What—you didn’t know your Subaru was a national security threat?
On Wednesday evening, Trump instructed the Commerce Department to investigate whether to raise tariffs to up to 25 percent on auto imports. The official rationale for launching this probe wasn’t that foreign countries were “dumping” their products at unfairly low prices, stealing our intellectual property or otherwise engaging in the sort of foul play that administrations past have alleged when threatening tariffs.
No, in this case, Trump has instructed Commerce to probe whether imports of automobiles and auto parts “threaten to impair the national security.”
Yes, you read that right. Late-’70s British pop stars may feel safest of all in their cars, but apparently Americans today should not.
If this all seems a bit far-fetched, well, that’s because it is.
Trump also cited national security when he announced his steel and aluminum tariffs in March (“If you don’t have steel, you don’t have a country!”). The logic was shaky then; it’s maxing out the Richter scale now.
Even U.S. automakers don’t think auto tariffs would be justified.
“We are confident that vehicle imports do not pose a national security risk to the U.S.,” said the Auto Alliance, a trade group of U.S. and foreign manufacturers that operate in the United States. “We urge the Administration to support policies that remove barriers to free trade and we will continue to work with them and provide input to achieve that goal.”
Moreover, U.S. auto imports are dominated by our biggest military allies. Last year, 98 percent of new passenger vehicle imports came from Mexico, Canada, Japan, South Korea and the European Union, according to the Commerce Department’s International Trade Administration.
To add insult to injury, literally a day before Trump made this announcement, he told reporters that he was working to ease penalties on ZTE.
ZTE, you may recall, is a partially state-owned Chinese telecom giant that admitted to illegally selling phones to Iran and North Korea. Our intelligence community has repeatedly called it a national security threat, saying that ZTE devices could be used as surveillance tools against Americans.
So how is it that Trump seems so unconcerned by the (real) national security risk posed by a Chinese firm that may be spying on us, and so much more worried about the (imagined) national security risk of cars made by our friends?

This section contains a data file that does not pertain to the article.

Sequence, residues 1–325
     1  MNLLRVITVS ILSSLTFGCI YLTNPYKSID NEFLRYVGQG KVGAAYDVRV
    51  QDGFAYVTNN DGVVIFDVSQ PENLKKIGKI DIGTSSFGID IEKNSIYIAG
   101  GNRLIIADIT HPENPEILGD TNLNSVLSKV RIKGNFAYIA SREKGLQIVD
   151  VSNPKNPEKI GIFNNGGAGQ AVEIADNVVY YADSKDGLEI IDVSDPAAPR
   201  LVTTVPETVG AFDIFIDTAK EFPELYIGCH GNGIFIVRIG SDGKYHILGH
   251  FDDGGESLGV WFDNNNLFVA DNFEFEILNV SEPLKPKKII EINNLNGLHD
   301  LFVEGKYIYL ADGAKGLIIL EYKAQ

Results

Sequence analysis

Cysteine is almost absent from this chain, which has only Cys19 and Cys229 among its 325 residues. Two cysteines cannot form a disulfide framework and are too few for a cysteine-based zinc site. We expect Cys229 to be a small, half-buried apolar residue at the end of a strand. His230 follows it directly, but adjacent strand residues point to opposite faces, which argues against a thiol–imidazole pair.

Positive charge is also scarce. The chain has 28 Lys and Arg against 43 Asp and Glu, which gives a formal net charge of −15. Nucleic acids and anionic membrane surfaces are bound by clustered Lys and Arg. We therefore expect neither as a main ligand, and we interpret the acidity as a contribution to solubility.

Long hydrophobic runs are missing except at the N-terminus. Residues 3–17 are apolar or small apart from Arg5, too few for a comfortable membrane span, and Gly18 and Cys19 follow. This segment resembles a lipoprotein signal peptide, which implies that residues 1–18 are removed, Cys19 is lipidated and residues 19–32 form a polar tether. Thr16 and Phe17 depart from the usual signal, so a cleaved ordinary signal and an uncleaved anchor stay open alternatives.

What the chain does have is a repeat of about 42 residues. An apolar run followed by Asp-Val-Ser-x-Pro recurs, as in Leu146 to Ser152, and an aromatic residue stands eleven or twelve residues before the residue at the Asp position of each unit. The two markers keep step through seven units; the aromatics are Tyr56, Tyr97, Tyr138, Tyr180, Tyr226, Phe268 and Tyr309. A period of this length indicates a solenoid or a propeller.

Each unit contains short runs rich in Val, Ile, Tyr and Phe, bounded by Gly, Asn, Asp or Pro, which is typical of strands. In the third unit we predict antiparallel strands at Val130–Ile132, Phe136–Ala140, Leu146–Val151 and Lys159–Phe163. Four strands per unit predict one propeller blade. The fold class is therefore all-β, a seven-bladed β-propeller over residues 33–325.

Maybe this is just what happens when you’re stuck in the 1980s, when Japan auto panic reached a fever pitch.
More likely, Trump has gotten drunk on a power that Congress ceded to the White House.
Under the Trade Expansion Act of 1962, Congress — which the Constitution says is supposed to regulate trade — authorized the president to impose tariffs when required by “national security,” regardless of any existing free-trade agreements. This law offers relatively broad language about what “national security” means, however. And compared to some other kinds of trade disputes, the process here for determining what justifies a tariff is relatively nontransparent.
All of which suggests that this authority could be easily abused.
Previous presidents, however, have very rarely invoked it, generally for sensitive commodities such as uranium and oil. And with good reason: Slapping tariffs willy-nilly in the name of “national security” could provoke other countries to retaliate in the name of their own “national security.”
“I know if I do it, you’ll do it, too, and that could ruin the whole thing for everybody,” said Chad Bown, a senior fellow at the Peterson Institute for International Economics. Unfortunately, he said, “Trump doesn’t mind ruining the whole thing for everybody.”
Besides the power trip, Trump seems to think that threatening these auto tariffs might give him leverage over Mexico and Canada in NAFTA negotiations. Those countries might be desperate to make a deal, no matter how lousy, rather than face the painful possibility of losing NAFTA altogether and getting stuck with a 25 percent auto tariff.
Here’s the problem with that strategy.
Under the Trade Expansion Act, the president can still decide a year from now, or two years from now, to unilaterally invoke “national security” once again and override any NAFTA 2.0. Which means there’s no way to know that Trump won’t use it as extortion again, when he wants something else.
If you’re Mexico or Canada, would you trust Trump to keep his word?
And that, boys and girls, may be the real flaw in Congress’s abdication of power in 1962: Lawmakers clearly assumed that we’d always have a president who cared about his — and his country’s — reputation.